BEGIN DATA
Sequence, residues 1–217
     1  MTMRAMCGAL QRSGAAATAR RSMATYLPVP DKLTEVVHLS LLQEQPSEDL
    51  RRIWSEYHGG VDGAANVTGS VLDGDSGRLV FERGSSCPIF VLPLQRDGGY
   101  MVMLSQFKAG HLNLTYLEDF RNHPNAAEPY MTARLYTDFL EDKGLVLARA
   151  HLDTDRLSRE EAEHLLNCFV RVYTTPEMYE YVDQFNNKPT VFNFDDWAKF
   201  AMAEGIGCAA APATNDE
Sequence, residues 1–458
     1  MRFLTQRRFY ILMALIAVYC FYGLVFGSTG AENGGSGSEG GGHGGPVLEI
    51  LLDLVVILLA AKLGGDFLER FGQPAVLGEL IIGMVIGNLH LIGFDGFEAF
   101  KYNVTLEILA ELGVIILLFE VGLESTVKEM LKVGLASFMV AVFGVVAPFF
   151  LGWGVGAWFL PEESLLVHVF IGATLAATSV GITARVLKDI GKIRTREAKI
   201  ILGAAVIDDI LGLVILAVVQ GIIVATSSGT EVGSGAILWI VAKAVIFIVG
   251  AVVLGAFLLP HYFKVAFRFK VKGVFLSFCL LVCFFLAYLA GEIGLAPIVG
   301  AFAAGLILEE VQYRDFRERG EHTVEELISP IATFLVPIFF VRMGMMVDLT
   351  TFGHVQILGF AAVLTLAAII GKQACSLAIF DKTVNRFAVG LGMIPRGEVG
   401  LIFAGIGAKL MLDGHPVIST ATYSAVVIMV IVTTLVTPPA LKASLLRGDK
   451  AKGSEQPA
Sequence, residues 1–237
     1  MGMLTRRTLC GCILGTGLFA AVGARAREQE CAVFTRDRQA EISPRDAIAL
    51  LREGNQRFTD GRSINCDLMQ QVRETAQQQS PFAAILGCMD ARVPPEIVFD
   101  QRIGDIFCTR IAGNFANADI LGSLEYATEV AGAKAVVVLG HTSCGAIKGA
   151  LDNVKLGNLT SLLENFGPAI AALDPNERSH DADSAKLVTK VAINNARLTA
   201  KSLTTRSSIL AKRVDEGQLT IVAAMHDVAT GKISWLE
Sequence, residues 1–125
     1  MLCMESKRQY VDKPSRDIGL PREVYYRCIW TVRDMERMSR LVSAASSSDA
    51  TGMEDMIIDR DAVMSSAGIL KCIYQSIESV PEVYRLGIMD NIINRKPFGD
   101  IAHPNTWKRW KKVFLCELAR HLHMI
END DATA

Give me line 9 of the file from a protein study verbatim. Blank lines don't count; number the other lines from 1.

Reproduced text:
    51  LLDLVVILLA AKLGGDFLER FGQPAVLGEL IIGMVIGNLH LIGFDGFEAF